June 30, 2023
PHNOM PENH – Beneath the tropical sun in Southeast Asia, the Mangrove fan palm (Licuala spinosa), or Ph’av in Khmer, flourishes in both fresh and brackish waters. Cherished by Cambodian families for its nutritious heart and terminal bud, it plays a vital role in traditional Khmer medicine – soothing fevers, bolstering prenatal health, and even serving as a tuberculosis remedy.
In Siem Reap’s historic Angkor Thom district, around 400 families in the three villages of Leang Dai commune still weave Ph’av palm into beautiful mats. This age-old tradition, inherited from their ancestors, endures amid the modern world.
On the dust-swept grounds of Ta Prok village, one sees this history in motion beneath the shade of a stilted wooden house. An elderly woman, her face furrowed by time, meticulously weaves a Ph’av mat. Her name is Nam Vern, a 68-year-old mat weaver and proud resident of the village.
“The art of weaving Ph’av mats is something we Ta Prok villagers hold dear. I learned it at 14, but it’s a dying craft. The younger generation lacks the requisite patience,” Vern confided to The Post.
Sadly, Vern discloses, the mangrove fan palm, once plentiful in Siem Reap, is now hardly found in the province. Sourcing the palm’s stems entails an arduous trek into the dense forests of neighbouring Kampong Thom province.
According to Vern, the stems are purchased in bundles, grated, soaked and dried. They undergo a second stage of drying, followed by immersion in various natural dyes before finally being woven into the mats, a process that spans more than a fortnight.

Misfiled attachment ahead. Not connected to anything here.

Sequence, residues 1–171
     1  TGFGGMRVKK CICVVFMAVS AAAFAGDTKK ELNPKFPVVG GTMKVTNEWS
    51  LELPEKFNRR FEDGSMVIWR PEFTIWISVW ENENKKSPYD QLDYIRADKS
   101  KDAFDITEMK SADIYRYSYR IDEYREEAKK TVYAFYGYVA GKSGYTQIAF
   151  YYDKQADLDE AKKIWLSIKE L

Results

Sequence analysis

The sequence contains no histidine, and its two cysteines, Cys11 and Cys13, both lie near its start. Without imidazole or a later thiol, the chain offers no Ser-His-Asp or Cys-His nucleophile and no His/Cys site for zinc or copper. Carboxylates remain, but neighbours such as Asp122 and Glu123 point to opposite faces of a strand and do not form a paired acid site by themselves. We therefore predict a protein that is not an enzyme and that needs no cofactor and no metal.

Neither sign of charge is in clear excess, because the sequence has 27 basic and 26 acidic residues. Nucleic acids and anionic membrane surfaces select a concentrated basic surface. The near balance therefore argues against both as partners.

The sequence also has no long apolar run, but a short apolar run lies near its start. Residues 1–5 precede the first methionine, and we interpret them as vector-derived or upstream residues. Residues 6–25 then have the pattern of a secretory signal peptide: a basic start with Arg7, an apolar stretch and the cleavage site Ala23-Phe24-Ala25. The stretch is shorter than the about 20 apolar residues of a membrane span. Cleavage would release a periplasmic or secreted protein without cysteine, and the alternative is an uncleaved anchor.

“Crafting Ph’av mats demands patience, skill and dedication. My fear is that there will be no one to inherit this precious tradition from us,” Vern underscored.
Despite the challenges, Vern successfully sells her mats on Facebook, with the price fluctuating based on the mat’s size.
Meanwhile, Leang Dai commune chief Koeun Kerb reveals that the decreasing number of mangrove fan palms threatens this age-old craft.
“There was a time when mangrove fan palms were abundant here. But their survival depends on our forests. No forests mean no palms,” Kerb said.
Despite the hurdles, he reaffirms that Ph’av mat weaving significantly improves the villagers’ living conditions.
Echoing Kerb’s sentiments, Tea Kim Soth, director of the Siem Reap provincial Department of Agriculture, Forestry and Fisheries, told The Post that areas once rich in Ph’av have been gradually encroached upon by urban development, triggering a sharp decline in the palm’s availability.
“Ph’av mats are particularly popular in Siem Reap because of the palm’s durability, softness and user-friendly nature. In areas where Ph’av is sparse, other palm varieties are used as a substitute, but they fail to match Ph’av’s quality,” elaborated Kim Soth.